“I did not have to pay any electricity bill for consecutive months. I am forced to admit that Kejriwal has kept his promise. What has the BJP got to show as far as work is concerned in Delhi? Nothing,” said a middle-class BJP supporter. Domestic worker Duna will vote for the jhaadu (the broom, the AAP’s election symbol), because she now gets piped water in her slum cluster. Voters whom Frontline spoke to also repeatedly spoke of the improvement in government schools and the free ride for women on Delhi Transport Corporation and cluster buses. The Delhi health care scheme, which enables any patient from a government hospital to access any of 67 empanelled private hospitals for tests and any of 44 private hospitals for surgery, irrespective of income levels, got much praise.
These schemes may not have been perfectly implemented, but a perception has gained ground that Kejriwal’s government has worked for the people. In some places, for instance, people credited him for building roads that were constructed under the previous regime.
The opposition blames him for unkept promises such as providing Wi-Fi Internet access across the capital. But Kejriwal is able to bring back the narrative to the work that was done under him. He launched a Guarantee Card promising 10 measures, to provide basic infrastructure in unauthorised colonies, build pucca houses for all slum dwellers, appoint mohalla marshals for women’s safety, make Delhi garbage-free and pollution-free and build a network of cheap transportation across the capital.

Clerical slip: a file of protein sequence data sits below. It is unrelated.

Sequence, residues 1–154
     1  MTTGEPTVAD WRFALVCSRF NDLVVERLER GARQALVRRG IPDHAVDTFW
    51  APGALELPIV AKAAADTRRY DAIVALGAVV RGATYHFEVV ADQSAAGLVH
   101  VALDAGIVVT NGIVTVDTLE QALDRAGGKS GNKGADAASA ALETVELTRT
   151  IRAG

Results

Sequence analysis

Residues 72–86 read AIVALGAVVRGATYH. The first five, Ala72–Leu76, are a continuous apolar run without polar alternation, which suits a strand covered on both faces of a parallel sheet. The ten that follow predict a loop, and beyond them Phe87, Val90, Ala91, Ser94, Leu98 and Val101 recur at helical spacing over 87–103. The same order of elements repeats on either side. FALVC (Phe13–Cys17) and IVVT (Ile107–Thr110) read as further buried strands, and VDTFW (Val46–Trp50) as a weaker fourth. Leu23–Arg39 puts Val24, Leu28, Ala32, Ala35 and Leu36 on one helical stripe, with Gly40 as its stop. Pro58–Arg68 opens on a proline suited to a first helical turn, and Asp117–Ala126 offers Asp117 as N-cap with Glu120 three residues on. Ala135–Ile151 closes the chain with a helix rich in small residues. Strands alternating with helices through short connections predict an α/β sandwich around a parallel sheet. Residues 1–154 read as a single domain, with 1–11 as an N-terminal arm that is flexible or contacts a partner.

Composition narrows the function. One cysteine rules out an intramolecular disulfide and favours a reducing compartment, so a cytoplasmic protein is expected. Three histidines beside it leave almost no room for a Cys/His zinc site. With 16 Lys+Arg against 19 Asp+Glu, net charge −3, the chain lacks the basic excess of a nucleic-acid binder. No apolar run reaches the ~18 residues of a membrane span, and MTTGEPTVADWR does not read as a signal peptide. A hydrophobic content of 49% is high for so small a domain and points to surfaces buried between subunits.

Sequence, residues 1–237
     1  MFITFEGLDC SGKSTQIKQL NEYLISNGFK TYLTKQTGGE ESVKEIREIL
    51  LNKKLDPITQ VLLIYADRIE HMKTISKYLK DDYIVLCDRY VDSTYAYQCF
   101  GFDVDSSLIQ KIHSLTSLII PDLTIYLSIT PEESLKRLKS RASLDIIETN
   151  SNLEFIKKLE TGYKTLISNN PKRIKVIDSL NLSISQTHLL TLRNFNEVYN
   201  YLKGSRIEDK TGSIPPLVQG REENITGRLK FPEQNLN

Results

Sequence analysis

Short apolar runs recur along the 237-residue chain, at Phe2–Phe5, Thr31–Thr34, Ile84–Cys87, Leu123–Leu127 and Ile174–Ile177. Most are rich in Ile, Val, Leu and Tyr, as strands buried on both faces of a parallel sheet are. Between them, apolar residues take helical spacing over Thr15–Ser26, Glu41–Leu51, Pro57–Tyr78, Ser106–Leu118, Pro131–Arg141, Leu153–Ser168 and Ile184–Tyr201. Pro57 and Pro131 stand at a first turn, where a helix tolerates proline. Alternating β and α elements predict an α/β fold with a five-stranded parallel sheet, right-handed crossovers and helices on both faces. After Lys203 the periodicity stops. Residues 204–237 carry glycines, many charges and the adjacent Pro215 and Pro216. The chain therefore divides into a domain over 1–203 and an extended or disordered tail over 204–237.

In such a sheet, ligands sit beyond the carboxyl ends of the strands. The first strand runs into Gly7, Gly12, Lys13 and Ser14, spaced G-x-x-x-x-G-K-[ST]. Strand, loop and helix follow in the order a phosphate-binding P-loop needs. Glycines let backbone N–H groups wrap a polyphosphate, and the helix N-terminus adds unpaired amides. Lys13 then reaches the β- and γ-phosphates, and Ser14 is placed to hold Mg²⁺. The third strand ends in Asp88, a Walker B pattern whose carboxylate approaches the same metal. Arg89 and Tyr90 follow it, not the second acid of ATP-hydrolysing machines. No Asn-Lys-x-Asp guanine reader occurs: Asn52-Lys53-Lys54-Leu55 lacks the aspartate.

Kejriwal has a dedicated social media team to publicise these measures and this team is belting out catchy slogans such as “Achhe beete paanch saal/ Lage raho Kejriwal” (Five years well spent, keep it up Kejriwal) inspired by the Sanjay Dutt starrer Bollywood hit Lage Raho Munnabhai. While the BJP also has its digital team in place, by all counts it looks like a latecomer to the campaign. Notwithstanding the party’s stature at the national level, in Delhi it appears to be struggling to catch up with Kejriwal.
The election to Delhi’s 70-seat Assembly is slated to be held in a single phase on February 8. The results are expected to be announced on February 11. January 21 is the last date for filing nominations, while January 24 is the last day for withdrawal of nominations. There are 58 general seats and 12 reserved seats.
The new Assembly will be in place by February 22, when the term of the outgoing Assembly ends. The AAP won the 2015 election with an overwhelming majority of 67 seats. The Congress, which had ruled Delhi for 15 straight years before Kejriwal’s rise in the political arena, drew a blank. The AAP, however, suffered a setback in the 2017 municipal election and was routed in all seven of Delhi’s parliamentary seats in 2019 as well.
The AAP and the BJP are the main contenders in this Assembly election, while the Congress is nowhere on the scene. Political pundits believe that the AAP is poised to repeat its 2015 win.